Project Management Governance and Complex Project Programs

Last time, I looked at segregating the disciplines of project management and organisational management. In that article I examined a number of principles which included:

  • Getting the right people
  • Project ownership
  • Stakeholder management vs. project management
  • Project and organizational structures

Having identified these project management governance principles and how they apply to a single project, in this article I examine how governance procedures can be extended to a program of simultaneous projects, which may or may not be interrelated.

Introducing the concept of the project program

It would be unusual that an organisation has a single project on the go at any given time. In all probability, most organisations are undertaking multiple projects of multiple sizes and complexities on a continual basis. These projects will require different resources – human, technical, and financial – and complete at different speeds.

This program of projects will require two distinct functions of management: the first will be an overall program manager and the second is the management of the projects.

The complexity of managing a program of projects

The more projects that an organisation has on the go at the same time, the more complex will be the overall program. For benefits to be realised, these projects must be managed at a high level to ensure that they satisfy a number of key demands, but primarily:

  • Each project must align with the objectives of the business strategy
  • Each must deliver benefits to the organisation as a single entity

In order for these two demands to be met, it is the role of the program manager to make certain that projects within the program are interconnected.

The portfolio manager will therefore be dealing with a highly complex environment. He or she is likely to be overseeing multiple projects as well as remaining responsible for his or her own operational role. The project program manager will be responsible for costs, revenues, and profit associated with the entire program.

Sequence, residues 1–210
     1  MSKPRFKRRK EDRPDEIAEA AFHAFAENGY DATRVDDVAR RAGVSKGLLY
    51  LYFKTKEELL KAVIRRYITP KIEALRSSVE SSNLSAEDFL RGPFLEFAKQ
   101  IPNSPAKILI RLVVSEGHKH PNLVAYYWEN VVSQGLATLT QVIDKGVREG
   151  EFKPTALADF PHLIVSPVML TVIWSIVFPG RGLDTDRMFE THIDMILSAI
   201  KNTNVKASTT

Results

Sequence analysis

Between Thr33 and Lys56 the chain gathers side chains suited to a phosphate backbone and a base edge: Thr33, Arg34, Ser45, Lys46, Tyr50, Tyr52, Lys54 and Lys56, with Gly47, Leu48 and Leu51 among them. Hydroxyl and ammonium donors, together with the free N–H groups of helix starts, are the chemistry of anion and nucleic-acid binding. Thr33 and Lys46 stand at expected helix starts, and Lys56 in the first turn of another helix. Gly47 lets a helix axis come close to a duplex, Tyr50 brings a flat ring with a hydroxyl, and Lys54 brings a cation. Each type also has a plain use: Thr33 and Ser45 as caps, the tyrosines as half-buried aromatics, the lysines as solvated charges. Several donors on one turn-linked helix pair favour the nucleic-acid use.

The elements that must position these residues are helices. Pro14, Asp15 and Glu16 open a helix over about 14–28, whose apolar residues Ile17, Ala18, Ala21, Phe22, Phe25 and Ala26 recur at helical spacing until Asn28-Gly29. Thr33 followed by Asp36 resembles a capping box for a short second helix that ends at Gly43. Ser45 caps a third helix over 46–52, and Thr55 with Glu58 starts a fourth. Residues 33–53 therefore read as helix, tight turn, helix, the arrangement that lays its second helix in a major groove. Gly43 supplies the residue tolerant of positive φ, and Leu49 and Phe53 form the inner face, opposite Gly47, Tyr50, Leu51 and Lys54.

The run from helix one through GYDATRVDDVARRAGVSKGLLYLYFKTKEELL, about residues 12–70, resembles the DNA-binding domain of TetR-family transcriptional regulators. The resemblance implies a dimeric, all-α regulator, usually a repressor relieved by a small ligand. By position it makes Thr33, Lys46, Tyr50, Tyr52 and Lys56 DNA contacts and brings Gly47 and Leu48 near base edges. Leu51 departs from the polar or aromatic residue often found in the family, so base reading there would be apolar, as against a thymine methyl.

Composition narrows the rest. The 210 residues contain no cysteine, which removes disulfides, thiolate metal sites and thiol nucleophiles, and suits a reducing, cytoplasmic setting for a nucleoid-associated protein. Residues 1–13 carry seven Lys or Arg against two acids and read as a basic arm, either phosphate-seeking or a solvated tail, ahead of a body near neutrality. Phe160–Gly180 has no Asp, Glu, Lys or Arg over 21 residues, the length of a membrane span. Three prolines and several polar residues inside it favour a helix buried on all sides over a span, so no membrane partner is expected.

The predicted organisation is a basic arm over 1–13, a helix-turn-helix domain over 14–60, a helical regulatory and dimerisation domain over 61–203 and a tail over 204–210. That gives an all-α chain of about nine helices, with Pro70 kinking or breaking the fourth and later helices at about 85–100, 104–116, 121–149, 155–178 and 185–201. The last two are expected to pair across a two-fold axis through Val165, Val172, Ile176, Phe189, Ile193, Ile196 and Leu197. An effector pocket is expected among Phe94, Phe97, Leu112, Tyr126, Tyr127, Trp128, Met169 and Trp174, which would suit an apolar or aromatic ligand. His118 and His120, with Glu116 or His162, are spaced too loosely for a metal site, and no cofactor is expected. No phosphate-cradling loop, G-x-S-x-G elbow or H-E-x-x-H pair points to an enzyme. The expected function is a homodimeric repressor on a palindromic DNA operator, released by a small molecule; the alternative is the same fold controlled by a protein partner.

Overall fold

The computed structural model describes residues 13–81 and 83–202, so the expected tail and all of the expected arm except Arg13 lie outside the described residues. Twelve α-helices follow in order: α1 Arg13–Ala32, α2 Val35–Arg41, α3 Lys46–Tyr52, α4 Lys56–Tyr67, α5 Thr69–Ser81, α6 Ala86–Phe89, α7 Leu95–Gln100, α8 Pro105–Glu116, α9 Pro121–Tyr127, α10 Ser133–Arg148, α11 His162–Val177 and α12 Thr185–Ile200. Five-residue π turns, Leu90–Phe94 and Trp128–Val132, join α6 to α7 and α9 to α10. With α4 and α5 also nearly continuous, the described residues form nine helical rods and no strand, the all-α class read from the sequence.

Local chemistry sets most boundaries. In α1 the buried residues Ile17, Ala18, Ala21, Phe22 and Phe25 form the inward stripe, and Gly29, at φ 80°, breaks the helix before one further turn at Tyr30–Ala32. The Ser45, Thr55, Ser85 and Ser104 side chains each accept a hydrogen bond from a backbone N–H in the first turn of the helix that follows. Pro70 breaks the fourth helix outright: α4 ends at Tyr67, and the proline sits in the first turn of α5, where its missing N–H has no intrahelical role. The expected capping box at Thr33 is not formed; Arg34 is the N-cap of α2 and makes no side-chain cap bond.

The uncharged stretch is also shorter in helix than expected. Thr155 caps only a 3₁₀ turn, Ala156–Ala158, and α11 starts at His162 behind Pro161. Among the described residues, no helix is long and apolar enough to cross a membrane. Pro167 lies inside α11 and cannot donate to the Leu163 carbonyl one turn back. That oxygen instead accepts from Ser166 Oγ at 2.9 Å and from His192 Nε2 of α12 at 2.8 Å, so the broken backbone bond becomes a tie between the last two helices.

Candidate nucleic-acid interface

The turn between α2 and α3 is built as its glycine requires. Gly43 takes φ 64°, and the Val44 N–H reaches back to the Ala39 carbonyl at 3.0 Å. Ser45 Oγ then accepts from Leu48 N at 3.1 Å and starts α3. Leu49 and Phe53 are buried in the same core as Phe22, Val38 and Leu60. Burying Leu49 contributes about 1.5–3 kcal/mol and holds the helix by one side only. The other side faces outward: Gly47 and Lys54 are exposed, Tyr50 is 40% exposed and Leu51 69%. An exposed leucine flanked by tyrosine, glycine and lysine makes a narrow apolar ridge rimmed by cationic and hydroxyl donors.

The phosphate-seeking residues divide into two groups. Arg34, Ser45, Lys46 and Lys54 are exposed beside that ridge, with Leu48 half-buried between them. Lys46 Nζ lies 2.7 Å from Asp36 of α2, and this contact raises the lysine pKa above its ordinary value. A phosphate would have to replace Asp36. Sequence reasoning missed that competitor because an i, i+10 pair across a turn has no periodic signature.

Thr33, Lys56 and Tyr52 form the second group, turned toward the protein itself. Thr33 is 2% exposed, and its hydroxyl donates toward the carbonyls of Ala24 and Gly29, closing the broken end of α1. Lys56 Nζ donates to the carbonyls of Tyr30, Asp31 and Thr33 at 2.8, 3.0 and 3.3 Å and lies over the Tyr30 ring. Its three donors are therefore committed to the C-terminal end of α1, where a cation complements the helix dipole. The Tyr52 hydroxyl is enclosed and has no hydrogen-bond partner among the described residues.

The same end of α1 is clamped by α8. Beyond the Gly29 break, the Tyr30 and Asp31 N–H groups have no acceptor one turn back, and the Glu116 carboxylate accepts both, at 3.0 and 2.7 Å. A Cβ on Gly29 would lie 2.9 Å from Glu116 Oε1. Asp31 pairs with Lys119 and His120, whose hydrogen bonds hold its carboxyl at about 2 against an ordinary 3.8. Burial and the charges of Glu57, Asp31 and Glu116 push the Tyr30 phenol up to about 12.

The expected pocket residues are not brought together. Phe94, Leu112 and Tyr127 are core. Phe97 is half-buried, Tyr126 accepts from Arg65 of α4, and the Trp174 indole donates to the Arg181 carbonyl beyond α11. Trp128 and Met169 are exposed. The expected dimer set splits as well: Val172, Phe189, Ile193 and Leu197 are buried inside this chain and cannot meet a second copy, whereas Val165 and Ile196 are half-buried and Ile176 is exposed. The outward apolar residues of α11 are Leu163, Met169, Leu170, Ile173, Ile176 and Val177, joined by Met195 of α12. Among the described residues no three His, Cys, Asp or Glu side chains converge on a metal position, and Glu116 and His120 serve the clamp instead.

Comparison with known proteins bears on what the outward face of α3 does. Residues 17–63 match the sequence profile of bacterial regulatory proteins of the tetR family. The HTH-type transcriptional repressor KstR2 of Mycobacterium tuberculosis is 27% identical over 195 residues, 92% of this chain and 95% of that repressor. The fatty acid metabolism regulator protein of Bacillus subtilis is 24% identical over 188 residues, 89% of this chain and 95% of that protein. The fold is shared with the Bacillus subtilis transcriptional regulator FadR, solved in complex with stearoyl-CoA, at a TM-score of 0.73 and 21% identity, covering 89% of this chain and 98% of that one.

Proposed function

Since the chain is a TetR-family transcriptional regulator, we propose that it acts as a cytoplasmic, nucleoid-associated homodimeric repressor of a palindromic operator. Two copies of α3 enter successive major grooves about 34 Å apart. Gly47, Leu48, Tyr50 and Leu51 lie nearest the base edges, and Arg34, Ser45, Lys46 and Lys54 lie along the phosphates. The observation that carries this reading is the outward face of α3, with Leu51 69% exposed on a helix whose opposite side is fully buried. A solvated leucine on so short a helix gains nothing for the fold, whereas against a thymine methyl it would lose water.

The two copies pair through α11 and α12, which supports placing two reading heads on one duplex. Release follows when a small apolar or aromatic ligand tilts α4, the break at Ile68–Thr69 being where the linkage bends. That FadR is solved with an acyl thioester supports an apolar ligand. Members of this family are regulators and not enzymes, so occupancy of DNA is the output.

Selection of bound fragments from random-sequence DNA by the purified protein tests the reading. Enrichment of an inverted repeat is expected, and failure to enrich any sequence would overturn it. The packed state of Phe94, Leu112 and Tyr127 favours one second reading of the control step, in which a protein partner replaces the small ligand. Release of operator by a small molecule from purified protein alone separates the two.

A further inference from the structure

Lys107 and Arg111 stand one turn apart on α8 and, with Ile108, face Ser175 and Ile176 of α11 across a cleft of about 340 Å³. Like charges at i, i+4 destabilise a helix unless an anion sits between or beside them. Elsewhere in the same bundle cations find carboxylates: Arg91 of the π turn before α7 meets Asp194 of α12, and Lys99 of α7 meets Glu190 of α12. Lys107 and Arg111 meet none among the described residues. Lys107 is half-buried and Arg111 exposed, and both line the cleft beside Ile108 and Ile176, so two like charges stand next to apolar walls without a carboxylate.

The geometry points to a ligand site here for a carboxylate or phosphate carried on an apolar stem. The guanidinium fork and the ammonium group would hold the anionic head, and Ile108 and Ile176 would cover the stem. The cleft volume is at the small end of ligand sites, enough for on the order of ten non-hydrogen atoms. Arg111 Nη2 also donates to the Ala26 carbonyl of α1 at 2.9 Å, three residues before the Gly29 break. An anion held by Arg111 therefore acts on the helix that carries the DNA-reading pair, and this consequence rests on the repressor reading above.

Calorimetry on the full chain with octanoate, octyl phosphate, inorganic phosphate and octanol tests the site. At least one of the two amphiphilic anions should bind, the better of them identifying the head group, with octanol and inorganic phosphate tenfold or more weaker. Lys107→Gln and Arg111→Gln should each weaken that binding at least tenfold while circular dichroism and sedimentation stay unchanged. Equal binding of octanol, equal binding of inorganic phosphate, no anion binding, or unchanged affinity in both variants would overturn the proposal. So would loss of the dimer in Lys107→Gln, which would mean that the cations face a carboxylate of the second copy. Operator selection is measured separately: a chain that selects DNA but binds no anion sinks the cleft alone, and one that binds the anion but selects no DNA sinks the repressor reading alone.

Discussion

The simplicity of managing a single project

In contrast to the wide-ranging role of the program manager, the project manager’s responsibility is far narrower: he or she will be tasked with delivering a single project on time and within budget. The program manager may be the one who dictates the project objectives.

Similarities between program and project management

Now that I’ve discussed the major differences between the management of the program and the projects within that portfolio, it’s worth looking at the similarities.

The program structure is supported by the same principles of project management governance that also provides the framework for governance of single projects. Project management is segregated from program management, and while projects have identified start and finish dates a program may continue for several years.

The program manager will coordinate and oversee the projects within the program with the aim of delivering the benefits expected by the business’s strategic objectives.

Overseeing all is the portfolio manager. He or she effectively directs the investment made by the organisation in its programs of projects, ensuring consistency across all programs in terms of meeting the strategic vision of the business.

Portfolio Program Project Roles

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